Physics & Astronomy ETDs


Satomi Sugaya

Publication Date



This dissertation is a report on an interdisciplinary investigation consisting of an application of random walk techniques to problems in ecology, particularly to the spread of Hantavirus epidemic among rodents that live on an open terrain. The population of mice that we consider is made up of infectious disease-carrying mice and susceptible mice that are disease-free, and each mouse has its own home range around which it executes a random walk. We describe an event of infection transmission in such a population via reaction-diffusion theory. Our simple model consists of two mice, one infected and the other susceptible, the disease being passed upon encounter as the two mice move on the terrain. The existence of home ranges of the mice is included in the model by representing each mouse to be a Smoluchowski random walker. Such a simple model is appropriate for a dilute population where only one infected-susceptible mice pair is considered to meet at a time. However the calculation helps the understanding of underlying microscopic processes of an epidemic outbreak in an arbitrary population density. The two-mice model is formulated in an arbitrary number of dimensions and explicit calculation in 1-dimension is performed first. We uncover an interesting effect of the home ranges on the characteristics of infection-transmission event. We find that there is an optimal configuration of the home ranges for which infection-transmission occurs most efficiently. Furthermore, the practical application of our model to higher dimensions requires an extension of the theory to circumvent a seemingly well-known problem in reaction-diffusion theory that the `reaction' site cannot be a 0-dimensional object for problems considered in higher dimension than 1. We develop a detailed resolution and present a practical extension with an explicit calculation demonstrated in 2-dimensions. Our work is, thus, useful in two ways. One is the further development of reaction-diffusion theory to tethered random walkers and dimensions higher than 1. The other is to gain insights into the practical problem of the spread of the Hantavirus epidemic.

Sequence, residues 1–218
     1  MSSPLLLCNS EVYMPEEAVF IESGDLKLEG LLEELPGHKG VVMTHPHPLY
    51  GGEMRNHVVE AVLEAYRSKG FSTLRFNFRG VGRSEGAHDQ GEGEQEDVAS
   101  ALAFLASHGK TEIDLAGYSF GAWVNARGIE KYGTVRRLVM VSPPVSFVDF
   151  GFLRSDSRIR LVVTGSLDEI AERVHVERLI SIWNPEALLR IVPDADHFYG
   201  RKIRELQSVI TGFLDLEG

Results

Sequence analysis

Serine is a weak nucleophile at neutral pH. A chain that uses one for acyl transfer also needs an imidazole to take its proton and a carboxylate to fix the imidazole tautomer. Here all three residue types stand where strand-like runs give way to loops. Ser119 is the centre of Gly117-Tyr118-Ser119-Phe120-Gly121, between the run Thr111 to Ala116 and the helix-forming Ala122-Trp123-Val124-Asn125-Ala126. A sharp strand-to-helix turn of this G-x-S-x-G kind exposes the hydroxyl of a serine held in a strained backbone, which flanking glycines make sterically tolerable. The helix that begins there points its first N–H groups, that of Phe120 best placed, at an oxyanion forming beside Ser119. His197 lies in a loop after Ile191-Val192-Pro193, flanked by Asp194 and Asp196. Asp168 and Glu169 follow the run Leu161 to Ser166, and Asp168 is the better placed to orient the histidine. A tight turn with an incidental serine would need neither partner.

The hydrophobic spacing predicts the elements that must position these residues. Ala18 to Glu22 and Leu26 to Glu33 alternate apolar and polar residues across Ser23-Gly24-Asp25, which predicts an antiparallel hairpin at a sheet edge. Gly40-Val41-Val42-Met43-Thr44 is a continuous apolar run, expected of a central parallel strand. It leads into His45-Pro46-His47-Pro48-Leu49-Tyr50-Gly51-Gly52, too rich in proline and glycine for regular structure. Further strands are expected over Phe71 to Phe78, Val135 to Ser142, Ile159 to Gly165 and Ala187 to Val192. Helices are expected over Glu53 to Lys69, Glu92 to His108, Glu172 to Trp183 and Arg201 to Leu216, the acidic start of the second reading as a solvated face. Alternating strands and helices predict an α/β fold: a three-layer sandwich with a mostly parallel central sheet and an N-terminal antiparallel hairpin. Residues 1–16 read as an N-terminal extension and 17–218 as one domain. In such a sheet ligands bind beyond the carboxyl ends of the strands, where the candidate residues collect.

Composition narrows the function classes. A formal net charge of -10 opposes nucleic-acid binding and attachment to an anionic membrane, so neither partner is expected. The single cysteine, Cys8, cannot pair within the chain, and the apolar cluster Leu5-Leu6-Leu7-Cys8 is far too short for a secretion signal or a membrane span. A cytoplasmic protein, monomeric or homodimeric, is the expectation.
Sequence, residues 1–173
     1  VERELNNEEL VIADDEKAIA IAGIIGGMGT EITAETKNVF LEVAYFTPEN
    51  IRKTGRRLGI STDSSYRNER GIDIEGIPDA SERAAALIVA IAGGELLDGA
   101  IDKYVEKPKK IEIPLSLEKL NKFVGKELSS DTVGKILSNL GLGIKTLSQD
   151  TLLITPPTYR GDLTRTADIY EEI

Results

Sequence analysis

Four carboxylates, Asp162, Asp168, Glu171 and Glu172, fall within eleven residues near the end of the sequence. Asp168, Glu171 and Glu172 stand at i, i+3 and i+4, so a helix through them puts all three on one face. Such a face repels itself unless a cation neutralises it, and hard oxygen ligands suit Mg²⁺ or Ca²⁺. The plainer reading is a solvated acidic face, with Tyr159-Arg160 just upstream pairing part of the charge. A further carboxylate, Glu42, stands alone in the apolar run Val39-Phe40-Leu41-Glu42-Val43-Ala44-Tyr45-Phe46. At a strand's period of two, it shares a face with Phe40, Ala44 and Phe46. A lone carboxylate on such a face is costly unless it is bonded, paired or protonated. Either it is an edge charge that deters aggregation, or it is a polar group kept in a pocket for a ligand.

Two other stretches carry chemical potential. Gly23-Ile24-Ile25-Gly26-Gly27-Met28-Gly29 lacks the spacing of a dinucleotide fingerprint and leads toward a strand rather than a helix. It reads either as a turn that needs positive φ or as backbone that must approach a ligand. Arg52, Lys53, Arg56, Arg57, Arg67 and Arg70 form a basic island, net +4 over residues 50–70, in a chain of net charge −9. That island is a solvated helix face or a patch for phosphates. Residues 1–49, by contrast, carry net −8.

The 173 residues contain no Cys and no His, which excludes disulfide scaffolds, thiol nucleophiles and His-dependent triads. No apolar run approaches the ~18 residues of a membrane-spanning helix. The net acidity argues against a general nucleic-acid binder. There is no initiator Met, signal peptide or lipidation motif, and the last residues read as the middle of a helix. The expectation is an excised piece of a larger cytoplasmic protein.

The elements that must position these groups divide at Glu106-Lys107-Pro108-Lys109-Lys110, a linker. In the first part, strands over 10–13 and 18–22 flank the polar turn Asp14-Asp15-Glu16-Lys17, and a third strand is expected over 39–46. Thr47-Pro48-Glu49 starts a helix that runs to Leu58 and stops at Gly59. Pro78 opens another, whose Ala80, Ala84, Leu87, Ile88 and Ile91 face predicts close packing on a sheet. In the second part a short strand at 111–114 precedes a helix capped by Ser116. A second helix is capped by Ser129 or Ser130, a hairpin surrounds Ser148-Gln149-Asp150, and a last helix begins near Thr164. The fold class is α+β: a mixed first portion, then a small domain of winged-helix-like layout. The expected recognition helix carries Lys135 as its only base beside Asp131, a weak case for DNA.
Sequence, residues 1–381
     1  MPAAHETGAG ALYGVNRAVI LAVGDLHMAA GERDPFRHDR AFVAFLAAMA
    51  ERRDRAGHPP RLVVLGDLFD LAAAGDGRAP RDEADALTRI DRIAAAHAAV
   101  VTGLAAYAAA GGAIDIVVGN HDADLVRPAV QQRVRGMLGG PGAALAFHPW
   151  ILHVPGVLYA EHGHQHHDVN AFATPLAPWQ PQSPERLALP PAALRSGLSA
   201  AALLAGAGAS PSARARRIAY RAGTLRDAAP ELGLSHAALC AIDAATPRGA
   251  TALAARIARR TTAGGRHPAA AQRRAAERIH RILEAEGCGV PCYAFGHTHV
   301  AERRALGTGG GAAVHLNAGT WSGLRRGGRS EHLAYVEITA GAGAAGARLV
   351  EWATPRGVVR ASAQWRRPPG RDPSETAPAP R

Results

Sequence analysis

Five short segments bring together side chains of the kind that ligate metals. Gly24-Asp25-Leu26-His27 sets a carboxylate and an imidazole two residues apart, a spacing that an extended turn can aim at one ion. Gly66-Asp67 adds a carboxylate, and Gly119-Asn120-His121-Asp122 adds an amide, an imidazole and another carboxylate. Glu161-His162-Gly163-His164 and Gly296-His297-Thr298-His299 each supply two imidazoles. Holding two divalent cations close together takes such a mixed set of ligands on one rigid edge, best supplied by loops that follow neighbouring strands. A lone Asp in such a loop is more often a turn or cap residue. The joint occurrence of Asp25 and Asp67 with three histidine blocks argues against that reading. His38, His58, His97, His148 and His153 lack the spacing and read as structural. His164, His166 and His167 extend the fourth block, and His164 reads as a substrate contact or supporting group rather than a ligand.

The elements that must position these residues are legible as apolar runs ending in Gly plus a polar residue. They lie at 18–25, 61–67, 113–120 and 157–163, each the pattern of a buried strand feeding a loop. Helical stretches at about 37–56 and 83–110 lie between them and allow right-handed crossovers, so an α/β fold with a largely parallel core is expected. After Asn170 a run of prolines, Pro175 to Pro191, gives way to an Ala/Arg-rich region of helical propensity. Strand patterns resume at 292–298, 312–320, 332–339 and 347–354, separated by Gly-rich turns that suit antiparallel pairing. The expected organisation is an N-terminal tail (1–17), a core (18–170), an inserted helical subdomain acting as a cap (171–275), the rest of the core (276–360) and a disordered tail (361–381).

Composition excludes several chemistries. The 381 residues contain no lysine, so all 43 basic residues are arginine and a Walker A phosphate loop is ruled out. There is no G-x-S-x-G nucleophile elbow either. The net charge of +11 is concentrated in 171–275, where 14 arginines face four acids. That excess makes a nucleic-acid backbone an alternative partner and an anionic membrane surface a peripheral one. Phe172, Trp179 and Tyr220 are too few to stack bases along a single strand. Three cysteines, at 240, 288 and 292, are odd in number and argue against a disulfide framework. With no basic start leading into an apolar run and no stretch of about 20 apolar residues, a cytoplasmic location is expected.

Degree Name


Level of Degree


Department Name

Physics & Astronomy

First Committee Member (Chair)

Dunlap, D.

Second Committee Member

Lidke, K.

Third Committee Member

Moses, M.

Project Sponsors

Program in Interdisciplinary Biological & Biomedical Sciences




Physics, Non-equilibrium Statistical Mechanics, Epidemic spread, Random walk, Smoluchowski

Document Type